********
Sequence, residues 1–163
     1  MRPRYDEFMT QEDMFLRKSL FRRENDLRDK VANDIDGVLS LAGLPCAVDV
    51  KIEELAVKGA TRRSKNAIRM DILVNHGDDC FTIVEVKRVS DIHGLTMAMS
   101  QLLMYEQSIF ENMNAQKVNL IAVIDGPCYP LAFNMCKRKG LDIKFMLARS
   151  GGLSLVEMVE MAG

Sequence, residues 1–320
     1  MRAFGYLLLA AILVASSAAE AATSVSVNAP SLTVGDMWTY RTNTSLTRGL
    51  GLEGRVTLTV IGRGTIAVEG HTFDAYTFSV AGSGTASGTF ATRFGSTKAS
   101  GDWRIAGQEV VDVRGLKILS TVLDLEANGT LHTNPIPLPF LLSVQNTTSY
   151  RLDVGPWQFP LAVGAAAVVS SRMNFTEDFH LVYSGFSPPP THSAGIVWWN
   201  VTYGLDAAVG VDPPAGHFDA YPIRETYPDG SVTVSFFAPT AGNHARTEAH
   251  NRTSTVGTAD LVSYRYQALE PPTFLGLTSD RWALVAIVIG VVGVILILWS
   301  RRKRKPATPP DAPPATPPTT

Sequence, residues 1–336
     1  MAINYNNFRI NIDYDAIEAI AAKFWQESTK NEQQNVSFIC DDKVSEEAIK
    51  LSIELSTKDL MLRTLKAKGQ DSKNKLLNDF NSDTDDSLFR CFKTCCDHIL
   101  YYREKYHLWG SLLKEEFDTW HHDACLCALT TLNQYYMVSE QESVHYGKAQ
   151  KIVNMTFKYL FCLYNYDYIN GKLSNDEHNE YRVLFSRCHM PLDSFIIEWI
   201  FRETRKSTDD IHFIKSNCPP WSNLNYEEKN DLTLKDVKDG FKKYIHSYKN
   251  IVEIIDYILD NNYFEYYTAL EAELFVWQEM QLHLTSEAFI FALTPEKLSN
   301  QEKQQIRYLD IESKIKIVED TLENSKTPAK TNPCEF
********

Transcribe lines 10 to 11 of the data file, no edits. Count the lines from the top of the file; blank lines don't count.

   151  RLDVGPWQFP LAVGAAAVVS SRMNFTEDFH LVYSGFSPPP THSAGIVWWN
   201  VTYGLDAAVG VDPPAGHFDA YPIRETYPDG SVTVSFFAPT AGNHARTEAH